z. Joint Pub 5-03 Series, Joint Operation Planning and Execution System (JOPES). This series of publications covers deliberate and crisis action planning procedures; OPLAN, CONPLAN, and Concept Summary development; and associated ADP support. See Chapters 6 and 7 of this publication for additional information.

aa. Userís Guide for Joint Operation Planning, an unnumbered guide and reference companion to Joint Pub 5-0, offers joint planners a sound understanding of the substance and form of joint operation planning, particularly the deliberate planning process and the types of plans developed under that process.

bb. Userís Guide for JOPES, also unnumbered, contains a general overview of JOPES. This document is intended to be used as a companion piece to the Userís Guide for Joint Operation Planning.

cc. Joint Pub 6-0, Doctrine for C4 Systems Support to Joint Operations, is broad in scope, discussing the entire spectrum of C4 systems supporting commanders. It is applicable to joint operations at all levels of conflict.



a. The Joint Reporting Structure is outlined in Joint Pub 1-03, and is directed for use throughout the military community. It is designed to furnish

b. The JRS creates reports and reporting systems that have wide application in command and control, operation and support planning, plan execution, and analysis. It portrays essential data on personnel, matJriel, and equipment status; operational and logistics planning; and the overall military situation. It establishes

c. Joint Pub 1-03 Series includes numerous publications, each concerned with a particular functional area. Several of them are listed below.

1-03.3 Joint Reporting Structure Status of Resources and Training System (SORTS)

1-03.6 Event or Incident Reports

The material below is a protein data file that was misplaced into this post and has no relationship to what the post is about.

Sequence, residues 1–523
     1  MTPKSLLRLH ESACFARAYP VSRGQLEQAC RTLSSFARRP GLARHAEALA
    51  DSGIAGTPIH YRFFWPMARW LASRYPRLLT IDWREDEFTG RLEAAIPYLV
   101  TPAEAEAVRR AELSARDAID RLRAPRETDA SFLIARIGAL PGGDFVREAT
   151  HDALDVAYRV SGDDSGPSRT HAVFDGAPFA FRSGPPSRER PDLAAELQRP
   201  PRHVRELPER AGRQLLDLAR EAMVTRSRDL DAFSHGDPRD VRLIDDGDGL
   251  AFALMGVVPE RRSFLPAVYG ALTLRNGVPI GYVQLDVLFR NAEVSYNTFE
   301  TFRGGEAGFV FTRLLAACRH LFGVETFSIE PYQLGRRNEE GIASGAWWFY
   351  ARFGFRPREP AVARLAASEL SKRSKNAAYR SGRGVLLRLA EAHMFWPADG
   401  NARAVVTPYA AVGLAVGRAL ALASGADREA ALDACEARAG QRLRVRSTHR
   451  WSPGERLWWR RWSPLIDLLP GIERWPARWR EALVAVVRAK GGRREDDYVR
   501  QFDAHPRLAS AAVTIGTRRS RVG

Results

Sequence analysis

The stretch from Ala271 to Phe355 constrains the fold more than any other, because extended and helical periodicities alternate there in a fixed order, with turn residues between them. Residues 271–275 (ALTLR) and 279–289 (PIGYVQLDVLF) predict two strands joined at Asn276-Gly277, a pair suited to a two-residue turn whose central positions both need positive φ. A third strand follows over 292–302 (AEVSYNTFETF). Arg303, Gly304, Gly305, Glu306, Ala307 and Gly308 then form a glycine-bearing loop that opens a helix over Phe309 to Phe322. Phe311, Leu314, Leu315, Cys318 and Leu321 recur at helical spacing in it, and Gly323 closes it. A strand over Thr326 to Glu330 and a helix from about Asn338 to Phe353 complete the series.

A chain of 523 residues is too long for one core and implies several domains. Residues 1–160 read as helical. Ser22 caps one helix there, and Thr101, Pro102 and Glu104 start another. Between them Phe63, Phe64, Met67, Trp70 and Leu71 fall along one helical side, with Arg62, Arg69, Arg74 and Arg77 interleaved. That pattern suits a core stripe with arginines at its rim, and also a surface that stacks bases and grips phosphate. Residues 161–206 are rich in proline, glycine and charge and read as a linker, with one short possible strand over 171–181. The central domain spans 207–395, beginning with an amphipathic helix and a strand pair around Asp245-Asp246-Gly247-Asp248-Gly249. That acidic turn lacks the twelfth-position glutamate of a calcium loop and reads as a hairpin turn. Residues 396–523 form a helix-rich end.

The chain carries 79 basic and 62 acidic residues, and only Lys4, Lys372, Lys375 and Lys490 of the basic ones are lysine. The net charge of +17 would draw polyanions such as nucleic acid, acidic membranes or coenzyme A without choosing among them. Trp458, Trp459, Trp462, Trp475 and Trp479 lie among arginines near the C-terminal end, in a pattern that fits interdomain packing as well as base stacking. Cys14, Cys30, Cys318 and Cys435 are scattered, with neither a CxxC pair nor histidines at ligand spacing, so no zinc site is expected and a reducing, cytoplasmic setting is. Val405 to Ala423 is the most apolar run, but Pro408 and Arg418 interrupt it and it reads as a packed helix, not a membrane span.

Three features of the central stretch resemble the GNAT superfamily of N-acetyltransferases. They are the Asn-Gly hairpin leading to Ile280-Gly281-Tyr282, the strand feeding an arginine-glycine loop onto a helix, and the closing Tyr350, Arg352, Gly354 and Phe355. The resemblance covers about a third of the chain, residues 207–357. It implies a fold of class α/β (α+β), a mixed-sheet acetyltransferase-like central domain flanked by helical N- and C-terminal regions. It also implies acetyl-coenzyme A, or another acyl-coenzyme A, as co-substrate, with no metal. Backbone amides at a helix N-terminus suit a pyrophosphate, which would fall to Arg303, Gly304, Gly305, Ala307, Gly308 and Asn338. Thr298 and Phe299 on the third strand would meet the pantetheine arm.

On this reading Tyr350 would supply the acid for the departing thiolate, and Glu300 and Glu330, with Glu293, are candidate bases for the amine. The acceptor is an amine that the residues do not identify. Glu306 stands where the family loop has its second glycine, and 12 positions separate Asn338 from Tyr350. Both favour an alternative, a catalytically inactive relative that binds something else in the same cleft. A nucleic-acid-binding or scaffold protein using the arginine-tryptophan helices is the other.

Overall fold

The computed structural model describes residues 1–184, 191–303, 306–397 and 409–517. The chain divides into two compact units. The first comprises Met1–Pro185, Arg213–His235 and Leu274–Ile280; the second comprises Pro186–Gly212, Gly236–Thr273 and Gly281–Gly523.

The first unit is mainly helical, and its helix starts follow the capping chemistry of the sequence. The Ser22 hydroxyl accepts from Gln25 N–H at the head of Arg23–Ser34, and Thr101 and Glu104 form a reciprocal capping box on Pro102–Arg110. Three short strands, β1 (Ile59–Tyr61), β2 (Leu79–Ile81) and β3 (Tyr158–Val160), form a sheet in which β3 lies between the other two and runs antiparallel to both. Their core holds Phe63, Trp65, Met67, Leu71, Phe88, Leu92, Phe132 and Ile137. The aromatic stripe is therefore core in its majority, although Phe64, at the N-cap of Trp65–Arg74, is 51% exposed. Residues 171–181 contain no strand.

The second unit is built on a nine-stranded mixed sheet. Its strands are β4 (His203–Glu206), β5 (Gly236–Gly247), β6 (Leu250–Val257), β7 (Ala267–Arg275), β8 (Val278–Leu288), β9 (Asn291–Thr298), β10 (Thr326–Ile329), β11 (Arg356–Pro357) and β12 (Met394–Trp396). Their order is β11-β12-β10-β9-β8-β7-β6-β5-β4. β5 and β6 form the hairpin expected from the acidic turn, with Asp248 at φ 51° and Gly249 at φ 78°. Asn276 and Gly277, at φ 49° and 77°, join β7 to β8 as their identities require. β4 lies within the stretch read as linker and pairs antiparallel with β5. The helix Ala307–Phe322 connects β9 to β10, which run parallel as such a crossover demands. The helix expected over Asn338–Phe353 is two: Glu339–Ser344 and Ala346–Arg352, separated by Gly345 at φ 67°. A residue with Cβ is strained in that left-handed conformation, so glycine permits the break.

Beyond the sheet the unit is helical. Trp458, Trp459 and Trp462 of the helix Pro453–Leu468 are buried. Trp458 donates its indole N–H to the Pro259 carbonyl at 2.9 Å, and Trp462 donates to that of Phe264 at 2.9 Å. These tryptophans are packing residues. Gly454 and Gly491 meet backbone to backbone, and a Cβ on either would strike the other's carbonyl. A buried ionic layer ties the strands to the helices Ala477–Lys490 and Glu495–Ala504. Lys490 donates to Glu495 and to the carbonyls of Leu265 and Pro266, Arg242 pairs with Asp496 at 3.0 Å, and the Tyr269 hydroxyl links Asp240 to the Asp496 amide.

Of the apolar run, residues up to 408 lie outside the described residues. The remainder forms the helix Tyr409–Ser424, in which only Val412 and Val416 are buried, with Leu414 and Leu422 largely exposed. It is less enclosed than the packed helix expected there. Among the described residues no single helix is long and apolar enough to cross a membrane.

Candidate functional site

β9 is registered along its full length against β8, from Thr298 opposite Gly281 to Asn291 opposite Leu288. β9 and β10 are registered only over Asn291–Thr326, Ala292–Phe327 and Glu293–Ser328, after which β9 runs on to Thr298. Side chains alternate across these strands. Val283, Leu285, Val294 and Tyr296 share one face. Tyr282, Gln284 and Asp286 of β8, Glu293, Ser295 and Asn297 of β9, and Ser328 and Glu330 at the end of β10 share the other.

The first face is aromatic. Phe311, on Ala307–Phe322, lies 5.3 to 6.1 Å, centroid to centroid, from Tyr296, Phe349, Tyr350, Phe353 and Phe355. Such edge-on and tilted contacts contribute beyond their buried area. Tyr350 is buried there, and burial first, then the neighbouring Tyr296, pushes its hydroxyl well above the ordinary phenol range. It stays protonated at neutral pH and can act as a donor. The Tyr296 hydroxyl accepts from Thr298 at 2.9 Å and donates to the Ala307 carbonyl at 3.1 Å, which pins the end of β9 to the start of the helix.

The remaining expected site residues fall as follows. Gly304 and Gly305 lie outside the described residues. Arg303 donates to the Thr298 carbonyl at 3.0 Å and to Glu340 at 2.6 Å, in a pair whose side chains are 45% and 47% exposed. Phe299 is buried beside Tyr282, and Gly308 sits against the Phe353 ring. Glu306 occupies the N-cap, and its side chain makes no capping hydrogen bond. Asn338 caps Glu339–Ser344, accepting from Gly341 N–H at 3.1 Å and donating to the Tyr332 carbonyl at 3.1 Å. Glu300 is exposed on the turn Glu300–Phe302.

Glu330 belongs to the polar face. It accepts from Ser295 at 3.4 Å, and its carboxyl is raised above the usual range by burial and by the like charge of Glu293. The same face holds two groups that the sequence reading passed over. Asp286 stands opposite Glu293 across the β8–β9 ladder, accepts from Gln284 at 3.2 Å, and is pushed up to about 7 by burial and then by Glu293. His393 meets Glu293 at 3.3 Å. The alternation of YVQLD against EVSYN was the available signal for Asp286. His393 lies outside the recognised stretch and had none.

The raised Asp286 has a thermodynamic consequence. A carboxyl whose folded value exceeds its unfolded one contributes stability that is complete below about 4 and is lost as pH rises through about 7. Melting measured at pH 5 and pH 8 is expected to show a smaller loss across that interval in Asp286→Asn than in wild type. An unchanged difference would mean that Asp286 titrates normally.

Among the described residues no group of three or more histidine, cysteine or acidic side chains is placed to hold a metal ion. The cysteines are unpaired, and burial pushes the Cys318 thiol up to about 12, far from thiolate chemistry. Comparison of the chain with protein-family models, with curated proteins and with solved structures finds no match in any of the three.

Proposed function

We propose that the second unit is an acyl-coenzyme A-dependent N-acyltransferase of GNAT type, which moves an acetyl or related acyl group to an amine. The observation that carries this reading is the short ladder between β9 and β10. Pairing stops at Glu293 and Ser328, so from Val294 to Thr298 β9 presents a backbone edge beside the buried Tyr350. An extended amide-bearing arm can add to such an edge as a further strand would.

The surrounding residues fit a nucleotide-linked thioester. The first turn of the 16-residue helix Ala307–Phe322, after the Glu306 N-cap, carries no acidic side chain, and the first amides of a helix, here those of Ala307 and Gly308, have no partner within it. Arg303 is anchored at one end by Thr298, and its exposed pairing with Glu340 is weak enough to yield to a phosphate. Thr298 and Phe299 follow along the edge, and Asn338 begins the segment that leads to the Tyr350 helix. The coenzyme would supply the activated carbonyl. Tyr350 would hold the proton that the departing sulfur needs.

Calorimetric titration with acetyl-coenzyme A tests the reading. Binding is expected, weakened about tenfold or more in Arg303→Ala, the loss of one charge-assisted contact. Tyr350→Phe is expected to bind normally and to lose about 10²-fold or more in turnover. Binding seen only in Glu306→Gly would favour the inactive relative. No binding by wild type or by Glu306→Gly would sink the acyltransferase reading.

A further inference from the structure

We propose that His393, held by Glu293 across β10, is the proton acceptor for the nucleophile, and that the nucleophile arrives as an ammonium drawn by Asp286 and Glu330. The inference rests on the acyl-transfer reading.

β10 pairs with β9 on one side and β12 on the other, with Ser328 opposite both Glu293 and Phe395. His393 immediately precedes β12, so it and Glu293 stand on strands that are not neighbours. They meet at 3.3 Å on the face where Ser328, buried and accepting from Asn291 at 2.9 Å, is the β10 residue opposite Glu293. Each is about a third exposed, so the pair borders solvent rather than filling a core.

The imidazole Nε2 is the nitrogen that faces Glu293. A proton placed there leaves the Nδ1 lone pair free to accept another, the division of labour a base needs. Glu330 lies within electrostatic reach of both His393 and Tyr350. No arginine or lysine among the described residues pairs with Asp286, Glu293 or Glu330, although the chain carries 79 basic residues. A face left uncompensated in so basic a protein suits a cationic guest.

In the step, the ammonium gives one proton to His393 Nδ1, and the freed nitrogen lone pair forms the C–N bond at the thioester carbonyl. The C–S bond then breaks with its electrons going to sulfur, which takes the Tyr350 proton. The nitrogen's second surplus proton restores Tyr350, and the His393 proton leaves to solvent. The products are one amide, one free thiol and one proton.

1-03.7 Nuclear Weapons Reports

1-03.8 Situation Monitoring

1-03.9 Reconnaissance

1-03.10 Communications Status

1-03.11 Communications-Electronics

1-03.12-14 Military Installation Status

1-03.15 Intelligence

1-03.17 Personnel

1-03.18 Logistics

1-03.19 Nickname and Exercise Term Report

d. Intelligence reports. In Joint Pub 1-03.15, the JRS outlines four intelligence reports.

(1) Department of Defense Intelligence Digest (DODID). The purpose of the DODID is to give the CJCS, the combatant commands, and selected U.S. Government agencies timely, finished intelligence about developments that could have a significant effect on current and future planning and operations. DIA prepares this narrative report, and it normally covers a single activity, event, or situation. The primary objective of the DODID is to report on key developments, explain their occurrence, and assess their impact on the United States and its interests.

(2) Spot Intelligence Report (SPIREP). The purpose of the SPIREP is to give the CJCS, the National Military Intelligence Center (DIA), the combatant commands, the military Services, and selected U.S. Government agencies timely intelligence information on developments that could have an immediate and significant effect on current planning and operations. This narrative report is submitted to the national level by combatant commands, military Services, and military organizations of divisional level whenever critical developments appear imminent or are of potentially high interest to U.S. national-level decision-makers. Its content includes the nature of the event, where and when the event occurred, the source of the information, and remarks. SPIREPs are transmitted to the national level not later than one hour after receiving the critical information. Initial SPIREPs are not delayed to verify the information or to get more details; rather, amplifying or clarifying information is forwarded in followup SPIREPs.